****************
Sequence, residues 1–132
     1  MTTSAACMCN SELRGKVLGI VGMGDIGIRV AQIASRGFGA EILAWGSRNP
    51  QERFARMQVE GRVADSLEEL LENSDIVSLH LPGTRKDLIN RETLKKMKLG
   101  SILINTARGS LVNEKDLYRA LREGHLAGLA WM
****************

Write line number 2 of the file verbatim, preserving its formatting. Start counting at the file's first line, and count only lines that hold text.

     1  MTTSAACMCN SELRGKVLGI VGMGDIGIRV AQIASRGFGA EILAWGSRNP